Legal actions may be brought against companies for a variety of reasons ranging from allegations of financial mismanagement, to alleged liability for injury/illness or for loss of or damage to property. Therefore, board engagement with Management Liability insurance is critical to protect your business.
What is Management Liability Insurance?
Management Liability insurance is a suite of covers designed to offer legal protection for you, your fellow Directors and Officers and your company for wrongful acts you have, or are alleged to have, committed. There are three sections to this suite of covers:
Directors & Officers Liability (core) – Directors and Officers (D&O) Liability insurance provides protection for the Directors and Officers of a company for claims against them for wrongful acts committed solely by reason of their acting as a Director or Officer of a company.
Employment Practices Liability (optional) – Employment Practices Liability (EPL) insurance protects your company against financial loss from claims made by employees for a wide range of employment practice violations, including unfair dismissal or discrimination on grounds of sex, race, disability, religion, belief, or sexual orientation.
Corporate Legal Liability (optional) – Corporate Legal Liability (CLL) is similar to D&O but provides indemnity in respect of costs and awards for any allegations/claims made against the company (entity) as opposed to individuals.
Frequently Asked Questions
Why do we also need Corporate Legal Liability?
As claimants will want the best chance of success, they will deploy a scattergun approach against you (the individual) and the company you work for. Therefore, purchasing Corporate Legal Liability ensures an all-encompassing protection.
What is the need for Employment Practices Liability cover?
These immediate issues aside, Employment Practices Liability (EPL) is a vital cover as it defends your business against the allegations of wrongful dismissal, discrimination, and harassment to name a few.
What is a wrongful act?
Examples of wrongful acts include:
- Inland revenue investigation
- Flouting regulations
- Making a poor business decision that effects income &/or shareholders or brings the business in to disrepute
- Making an acquisition with no/scant due diligence that then puts your core business at risk
- Closing business locations and causing loss to the landlord
- Sanctioning a site clearance without an environmental survey putting protected wildlife at risk
- Taking over a business and its obligations but not fulfilling them
In short, anyone can make an allegation of a wrongful act for any number of reasons and Management Liability cover will defend you, as long as you have not acted fraudulently or committed a criminal offence.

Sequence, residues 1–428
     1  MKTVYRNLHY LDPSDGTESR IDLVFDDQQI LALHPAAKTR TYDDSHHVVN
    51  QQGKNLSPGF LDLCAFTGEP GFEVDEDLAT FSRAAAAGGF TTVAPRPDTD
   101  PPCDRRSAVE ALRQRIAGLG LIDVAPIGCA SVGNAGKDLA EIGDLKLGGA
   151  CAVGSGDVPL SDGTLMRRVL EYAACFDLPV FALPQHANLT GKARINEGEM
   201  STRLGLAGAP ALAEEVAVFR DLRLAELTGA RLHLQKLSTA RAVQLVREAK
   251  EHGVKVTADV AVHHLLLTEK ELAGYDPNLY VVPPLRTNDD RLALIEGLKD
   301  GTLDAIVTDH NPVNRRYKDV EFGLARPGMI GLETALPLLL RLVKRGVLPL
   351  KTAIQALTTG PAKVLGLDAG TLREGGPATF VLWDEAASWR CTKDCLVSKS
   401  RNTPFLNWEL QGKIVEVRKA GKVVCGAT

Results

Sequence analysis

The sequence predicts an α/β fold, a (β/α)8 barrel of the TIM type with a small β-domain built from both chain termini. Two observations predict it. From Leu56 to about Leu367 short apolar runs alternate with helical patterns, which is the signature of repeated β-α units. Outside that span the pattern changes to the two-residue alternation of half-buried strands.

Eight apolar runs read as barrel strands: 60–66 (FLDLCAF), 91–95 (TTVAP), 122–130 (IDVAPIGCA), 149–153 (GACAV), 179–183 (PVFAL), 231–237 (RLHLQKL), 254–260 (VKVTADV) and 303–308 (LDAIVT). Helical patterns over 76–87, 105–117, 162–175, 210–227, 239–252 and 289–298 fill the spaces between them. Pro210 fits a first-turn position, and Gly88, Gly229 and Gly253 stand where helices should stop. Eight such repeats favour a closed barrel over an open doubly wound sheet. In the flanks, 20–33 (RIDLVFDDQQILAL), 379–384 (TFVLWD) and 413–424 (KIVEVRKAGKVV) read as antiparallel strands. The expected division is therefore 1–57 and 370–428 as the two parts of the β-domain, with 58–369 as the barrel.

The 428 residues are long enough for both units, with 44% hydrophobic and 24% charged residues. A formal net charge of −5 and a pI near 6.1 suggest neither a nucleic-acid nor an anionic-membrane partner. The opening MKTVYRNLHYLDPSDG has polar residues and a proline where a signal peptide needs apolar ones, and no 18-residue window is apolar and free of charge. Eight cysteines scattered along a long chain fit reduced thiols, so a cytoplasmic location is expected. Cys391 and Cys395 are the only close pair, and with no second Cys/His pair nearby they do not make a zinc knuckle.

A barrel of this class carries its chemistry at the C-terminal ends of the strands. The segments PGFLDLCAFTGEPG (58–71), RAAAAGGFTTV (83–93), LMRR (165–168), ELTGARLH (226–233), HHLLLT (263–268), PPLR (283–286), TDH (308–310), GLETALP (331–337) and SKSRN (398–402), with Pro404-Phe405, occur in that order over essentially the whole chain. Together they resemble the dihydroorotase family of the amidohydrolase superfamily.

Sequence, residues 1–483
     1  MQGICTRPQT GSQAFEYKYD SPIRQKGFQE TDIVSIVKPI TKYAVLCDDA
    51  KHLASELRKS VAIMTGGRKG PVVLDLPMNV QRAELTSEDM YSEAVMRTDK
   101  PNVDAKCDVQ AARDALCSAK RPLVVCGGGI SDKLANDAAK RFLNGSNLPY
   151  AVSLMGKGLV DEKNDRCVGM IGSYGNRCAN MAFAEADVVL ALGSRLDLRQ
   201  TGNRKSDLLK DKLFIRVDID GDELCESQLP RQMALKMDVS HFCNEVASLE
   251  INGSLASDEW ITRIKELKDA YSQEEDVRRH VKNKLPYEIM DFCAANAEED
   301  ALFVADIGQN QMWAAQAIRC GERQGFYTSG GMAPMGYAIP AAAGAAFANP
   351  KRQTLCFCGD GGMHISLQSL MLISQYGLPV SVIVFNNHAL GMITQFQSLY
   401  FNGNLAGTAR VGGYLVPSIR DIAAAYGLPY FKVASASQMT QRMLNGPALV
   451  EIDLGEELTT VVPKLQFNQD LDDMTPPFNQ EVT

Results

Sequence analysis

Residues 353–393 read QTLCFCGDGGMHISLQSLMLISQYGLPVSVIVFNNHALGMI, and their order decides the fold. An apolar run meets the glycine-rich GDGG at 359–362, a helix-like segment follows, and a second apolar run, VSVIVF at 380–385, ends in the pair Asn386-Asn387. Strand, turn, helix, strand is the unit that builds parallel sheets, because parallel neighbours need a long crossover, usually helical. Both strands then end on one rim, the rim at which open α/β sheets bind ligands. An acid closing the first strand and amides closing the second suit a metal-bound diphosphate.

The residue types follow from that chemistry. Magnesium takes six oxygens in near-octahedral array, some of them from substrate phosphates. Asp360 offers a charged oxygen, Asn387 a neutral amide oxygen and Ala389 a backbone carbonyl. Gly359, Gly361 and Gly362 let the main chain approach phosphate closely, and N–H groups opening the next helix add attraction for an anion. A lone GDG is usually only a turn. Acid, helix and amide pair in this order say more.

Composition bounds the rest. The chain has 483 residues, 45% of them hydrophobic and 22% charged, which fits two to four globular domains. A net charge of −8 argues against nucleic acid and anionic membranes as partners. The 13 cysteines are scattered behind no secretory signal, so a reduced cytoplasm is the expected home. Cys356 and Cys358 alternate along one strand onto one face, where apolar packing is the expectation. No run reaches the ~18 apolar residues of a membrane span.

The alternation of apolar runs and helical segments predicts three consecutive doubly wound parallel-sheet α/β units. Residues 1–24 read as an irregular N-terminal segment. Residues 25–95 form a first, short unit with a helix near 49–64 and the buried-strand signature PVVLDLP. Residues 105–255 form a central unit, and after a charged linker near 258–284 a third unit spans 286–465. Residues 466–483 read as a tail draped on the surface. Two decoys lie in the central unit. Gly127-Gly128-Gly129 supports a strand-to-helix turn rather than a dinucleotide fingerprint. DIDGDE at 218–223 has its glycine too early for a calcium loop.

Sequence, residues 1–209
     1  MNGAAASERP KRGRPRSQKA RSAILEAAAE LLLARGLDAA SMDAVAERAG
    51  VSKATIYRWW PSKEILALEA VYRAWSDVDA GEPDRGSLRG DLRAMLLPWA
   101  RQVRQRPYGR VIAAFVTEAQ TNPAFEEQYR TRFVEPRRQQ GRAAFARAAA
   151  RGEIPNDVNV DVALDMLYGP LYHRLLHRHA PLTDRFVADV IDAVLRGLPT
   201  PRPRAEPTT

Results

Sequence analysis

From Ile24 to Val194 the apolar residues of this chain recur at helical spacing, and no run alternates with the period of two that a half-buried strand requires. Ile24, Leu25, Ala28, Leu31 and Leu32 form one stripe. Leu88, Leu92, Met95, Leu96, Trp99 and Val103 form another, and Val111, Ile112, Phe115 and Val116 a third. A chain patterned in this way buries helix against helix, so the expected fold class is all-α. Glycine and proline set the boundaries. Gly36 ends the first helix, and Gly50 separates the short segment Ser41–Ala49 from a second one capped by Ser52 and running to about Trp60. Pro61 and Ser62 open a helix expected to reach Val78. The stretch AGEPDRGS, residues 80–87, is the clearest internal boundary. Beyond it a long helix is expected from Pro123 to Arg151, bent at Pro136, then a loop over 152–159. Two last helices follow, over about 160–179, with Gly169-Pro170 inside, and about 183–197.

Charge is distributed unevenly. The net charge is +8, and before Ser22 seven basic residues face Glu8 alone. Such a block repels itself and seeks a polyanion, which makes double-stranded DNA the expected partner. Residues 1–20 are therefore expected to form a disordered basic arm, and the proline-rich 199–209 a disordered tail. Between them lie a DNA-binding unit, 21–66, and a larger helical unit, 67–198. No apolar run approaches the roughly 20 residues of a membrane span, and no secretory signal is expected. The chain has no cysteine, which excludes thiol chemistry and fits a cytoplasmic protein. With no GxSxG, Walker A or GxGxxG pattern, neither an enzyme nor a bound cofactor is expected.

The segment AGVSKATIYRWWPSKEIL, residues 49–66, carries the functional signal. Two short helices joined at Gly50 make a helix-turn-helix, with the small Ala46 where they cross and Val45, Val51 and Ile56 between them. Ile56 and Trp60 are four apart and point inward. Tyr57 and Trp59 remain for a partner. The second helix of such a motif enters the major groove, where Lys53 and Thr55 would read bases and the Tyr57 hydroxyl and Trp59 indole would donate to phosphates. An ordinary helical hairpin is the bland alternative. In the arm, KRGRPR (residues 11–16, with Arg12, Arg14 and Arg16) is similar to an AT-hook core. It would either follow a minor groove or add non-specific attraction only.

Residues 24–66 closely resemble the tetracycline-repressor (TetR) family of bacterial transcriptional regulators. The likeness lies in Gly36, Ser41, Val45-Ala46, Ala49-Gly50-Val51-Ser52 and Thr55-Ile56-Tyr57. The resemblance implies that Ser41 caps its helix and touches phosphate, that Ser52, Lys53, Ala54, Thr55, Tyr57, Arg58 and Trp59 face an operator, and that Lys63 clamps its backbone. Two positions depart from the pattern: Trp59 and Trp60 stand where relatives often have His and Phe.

Who is covered under a Management Liability insurance policy?
All past, present, and future:
- Executive Directors
- Non-Executive Directors – (The liabilities of non-executive directors are the same as those of executive directors)
- Shadow Directors – A Shadow Director is someone who is not a registered Director of a company but exercises control or influence over a business and on whose instructions the Directors of the company act. Professional Advisors are not regarded as Shadow Directors. A Shadow Director is treated in many ways as a real Director of the company concerned and so will be bound by the same duties and obligations
- Officers – Managerial and supervisory roles
What is the most common type of claim under the policy?
Whilst claims can be brought by anyone, the most common claims relate to allegations of Employment Law failings such as:
- Failure to promote/recruit
Are there any exclusions under the policy?
Generally speaking, cover is broad and designed to pay defence costs and awards, irrespective of cause. However, certain types of risk are typically excluded, such as deliberate acts, criminal acts, wilful misconduct or damages for bodily injury and property damage.
A risk management checklist for Directors and Officers
Our specialist team have drafted the following guidance to protect yourself as a Director/Officer:
- Educate yourself on the risks that drive litigation and regulatory actions
- Invite subject experts to board meetings to discuss emerging risks
- Draw on the expertise of insurers and learn from D&O claims trends
- Reduce risk by developing robust governance and strong culture
- Encourage diversity of knowledge and experience at board level
- Carry out due diligence on business partners for corruption, ethics, and cyber risks
- Do not be afraid to question and challenge the conduct of others
- Take red flags seriously and act on them
For more information on how you can protect yourself and your fellow Directors and Officers within your organisation, get in touch with Jason Cohen: